In the end, much of this is about not being able to see the forest for the trees, or the universe for the stars, when, usually, the whole is larger than the sum of its parts; we’re just not seeing it at the moment, and we might never be able to too.

I know, all of this sounds astonishingly naive, if not desperately so, and maybe I should have thrown in little Kant or Hegel  to provide a seemingly more erudite account of what I am trying to accomplish here – and I must admit both Hegel and I share a fondness for the poet Friedrich Hölderlin, but never mind that. Or maybe injected something more currently in vogue, e.g., a dash of Derrida, but as he seems to have invented his own language there is absolutely nothing I can relate to in his universe other than seeing the familiar shadow of Heidegger in there, e.g. along such lines as “standing in the clearing of Being,” as “being open for the openness of Being,”, und so weiter.

But feel free to contact me if you have  more profound thoughts on these matters than what I am able to deliver here, provided your account, metaphysics  or eschatology does not include any aliens, angels or demons,  or any other mythical  beings that are in principal not able to be accounted for, and neither should it include  virgins expecting around Christmas,  a human sacrifice or a requirement for genital mutilation in order to connect to the Almighty, or celibacy for that matter.  Indeed, how naive can one get!

And when it comes to religion – it is one thing to have beliefs about the origin and destination of the world as individuals – but thinking of such periods as the Dark Ages and the Inquisition I’m letting history speak for itself right up to today when it comes to deciding whether our species has benefited from organized religion (as claimed by Teflon Tony Blair) , either as theocracies, in cahoots with national governments over the centuries or as stand-alone paternalistic institutions such as ruled by a papal throne.  The fact remains that religious beliefs cannot be substantiated – and while in principle they maybe nonsensical and hence harmless beliefs– it is precisely the unsubstantiated and irrational nature of these beliefs that allows them to be used as an excuse to control or otherwise abuse people, including killing them. When you think you have the creator and eternity on your side – all your actions are justified; you cannot be wrong!  Until we shake off the influence of these nonsensical beliefs, our species will continue to be murdered for them.

Better Never to Have Been

A South African philosopher by the name of David Benatar believes that the world would be a better place if sentient life disappeared altogether, i.e., no remaining life-form capable of undergoing pain or suffering. As a consequence he claims it would have been better if no one had children ever again since reproducing is intrinsically cruel and irresponsible – not just because a horrible fate can befall anyone, but because life itself is permeated by badness.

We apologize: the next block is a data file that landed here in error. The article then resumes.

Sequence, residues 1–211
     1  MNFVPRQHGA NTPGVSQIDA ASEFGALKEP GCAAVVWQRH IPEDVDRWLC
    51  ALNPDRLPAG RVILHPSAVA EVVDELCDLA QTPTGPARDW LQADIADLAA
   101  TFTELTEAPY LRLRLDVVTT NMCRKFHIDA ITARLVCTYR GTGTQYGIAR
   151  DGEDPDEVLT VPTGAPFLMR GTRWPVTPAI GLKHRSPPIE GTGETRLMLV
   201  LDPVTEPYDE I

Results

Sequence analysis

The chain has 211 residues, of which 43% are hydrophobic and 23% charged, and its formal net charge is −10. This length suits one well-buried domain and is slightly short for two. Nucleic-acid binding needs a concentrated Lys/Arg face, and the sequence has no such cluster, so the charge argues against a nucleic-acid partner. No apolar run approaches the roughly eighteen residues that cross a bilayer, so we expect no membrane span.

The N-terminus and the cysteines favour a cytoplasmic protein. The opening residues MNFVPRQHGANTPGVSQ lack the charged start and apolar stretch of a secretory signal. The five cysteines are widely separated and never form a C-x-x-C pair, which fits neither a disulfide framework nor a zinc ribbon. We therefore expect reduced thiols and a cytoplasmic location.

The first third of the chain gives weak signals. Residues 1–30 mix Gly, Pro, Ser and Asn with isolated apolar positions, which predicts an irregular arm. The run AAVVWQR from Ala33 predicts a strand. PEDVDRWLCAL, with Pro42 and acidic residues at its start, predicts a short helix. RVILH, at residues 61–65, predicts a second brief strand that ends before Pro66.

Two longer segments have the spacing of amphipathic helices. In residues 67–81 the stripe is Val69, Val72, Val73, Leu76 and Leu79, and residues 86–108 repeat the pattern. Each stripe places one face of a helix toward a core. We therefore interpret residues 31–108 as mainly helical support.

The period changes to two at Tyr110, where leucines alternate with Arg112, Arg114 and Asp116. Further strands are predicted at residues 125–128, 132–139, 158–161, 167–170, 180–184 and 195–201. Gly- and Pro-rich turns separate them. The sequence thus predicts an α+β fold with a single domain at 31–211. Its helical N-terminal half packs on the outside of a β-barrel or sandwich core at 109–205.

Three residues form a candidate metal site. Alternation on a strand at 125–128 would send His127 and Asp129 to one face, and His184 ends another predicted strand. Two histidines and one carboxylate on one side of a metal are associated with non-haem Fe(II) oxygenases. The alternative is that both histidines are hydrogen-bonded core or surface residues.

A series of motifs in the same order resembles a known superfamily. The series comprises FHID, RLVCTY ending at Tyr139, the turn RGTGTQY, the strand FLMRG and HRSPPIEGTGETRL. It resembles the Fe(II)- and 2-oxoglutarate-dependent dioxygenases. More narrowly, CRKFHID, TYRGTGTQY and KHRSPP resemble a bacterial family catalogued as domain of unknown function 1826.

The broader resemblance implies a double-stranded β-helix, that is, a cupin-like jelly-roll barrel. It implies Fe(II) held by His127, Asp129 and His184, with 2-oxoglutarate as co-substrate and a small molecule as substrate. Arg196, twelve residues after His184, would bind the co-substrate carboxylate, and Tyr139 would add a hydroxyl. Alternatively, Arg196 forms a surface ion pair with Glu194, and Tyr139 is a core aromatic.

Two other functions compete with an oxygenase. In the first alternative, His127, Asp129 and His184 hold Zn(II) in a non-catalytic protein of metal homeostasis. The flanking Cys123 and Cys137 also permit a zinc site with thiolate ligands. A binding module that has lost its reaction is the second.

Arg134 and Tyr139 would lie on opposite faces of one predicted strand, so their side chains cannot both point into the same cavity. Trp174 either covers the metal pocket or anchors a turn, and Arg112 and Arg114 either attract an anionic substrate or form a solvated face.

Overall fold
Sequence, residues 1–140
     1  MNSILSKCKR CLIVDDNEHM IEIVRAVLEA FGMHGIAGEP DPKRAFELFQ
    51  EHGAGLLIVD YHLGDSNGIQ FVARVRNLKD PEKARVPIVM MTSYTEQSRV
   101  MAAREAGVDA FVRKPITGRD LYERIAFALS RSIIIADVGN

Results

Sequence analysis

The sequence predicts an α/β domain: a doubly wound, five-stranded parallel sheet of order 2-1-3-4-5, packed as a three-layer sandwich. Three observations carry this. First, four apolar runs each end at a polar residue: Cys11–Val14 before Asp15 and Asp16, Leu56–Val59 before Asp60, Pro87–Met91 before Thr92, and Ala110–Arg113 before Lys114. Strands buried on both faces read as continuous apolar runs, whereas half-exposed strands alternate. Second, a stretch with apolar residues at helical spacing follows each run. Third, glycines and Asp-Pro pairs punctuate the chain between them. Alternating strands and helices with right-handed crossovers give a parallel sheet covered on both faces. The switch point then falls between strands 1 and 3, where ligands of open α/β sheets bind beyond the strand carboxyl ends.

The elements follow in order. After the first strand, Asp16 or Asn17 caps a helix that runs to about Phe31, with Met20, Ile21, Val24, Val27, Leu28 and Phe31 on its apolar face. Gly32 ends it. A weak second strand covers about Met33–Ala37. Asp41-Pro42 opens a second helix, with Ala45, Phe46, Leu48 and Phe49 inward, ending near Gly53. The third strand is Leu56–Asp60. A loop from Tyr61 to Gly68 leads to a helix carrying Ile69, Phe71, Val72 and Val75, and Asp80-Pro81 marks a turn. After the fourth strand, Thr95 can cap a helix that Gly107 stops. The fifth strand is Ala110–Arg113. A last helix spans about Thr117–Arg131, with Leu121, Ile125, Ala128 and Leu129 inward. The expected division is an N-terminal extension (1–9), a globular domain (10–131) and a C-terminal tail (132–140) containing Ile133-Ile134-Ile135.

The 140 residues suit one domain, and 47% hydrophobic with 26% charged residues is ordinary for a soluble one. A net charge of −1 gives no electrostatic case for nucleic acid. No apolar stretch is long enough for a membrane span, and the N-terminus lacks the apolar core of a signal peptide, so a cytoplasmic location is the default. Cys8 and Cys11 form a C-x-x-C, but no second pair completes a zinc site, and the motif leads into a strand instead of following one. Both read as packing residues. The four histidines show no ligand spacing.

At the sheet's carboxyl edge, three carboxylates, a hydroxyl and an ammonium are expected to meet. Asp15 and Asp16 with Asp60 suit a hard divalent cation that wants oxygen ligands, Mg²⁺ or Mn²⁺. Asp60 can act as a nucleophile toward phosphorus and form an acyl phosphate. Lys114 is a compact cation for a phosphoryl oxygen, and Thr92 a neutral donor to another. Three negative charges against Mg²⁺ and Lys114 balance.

Benatar is a proponent of what has been termed the anti-natalist position. In a 2006 book titled Better Never to have Been: The Harm of Coming into Existence he writes that

While good people go to great lengths to save their children from suffering, few of them seem to notice that the one (and only) guaranteed way to prevent all the suffering of their children is not to bring those children into existence in the first place.

The disappearance of sentient life on this planet would be of no consequence to anyone or anything according to Benatar, and in that context he joins earlier existentialist writers such as Sartre and Camus when he believes the universe is indifferent to our fate; it is without meaning, and other than that “we are subject to blind and purposeless natural forces”.

But when at least Nietzsche would find some purpose in suffering (and hence life) when he wrote “To live is to suffer, to survive is to find some meaning in the suffering” Benatar does not believe that human suffering and the struggle to survive are capable of providing meaning to existence.

While one might want to argue about all the good things in life providing value to it, he would claim that they can never offset the badness of all terrible tragedies that might happen during one’s lifetime, including one’s death. I guess he has a point when you think of all the natural disasters that have happened – and are likely happen again – be they earthquakes, floods, famine, and what have you.  Or man-made tragedies, such as the 9/11 terror attack, the holocaust or the slaughter of millions of people  in the various wars. What kinds of positive experiences might one put on the other scale to suggest that all this will balance out in the end?

This is not to say that on an individual basis someone might not be able to look back at one’s life and conclude that it has by and large been a very positive experience – but I’m assuming that Benatar has appraised the human condition from a species perspective, and from there concluded that it – life – just isn’t worth it when it is all added up. So why bother; sentient life is just a waste of time, causing much unneeded pain and suffering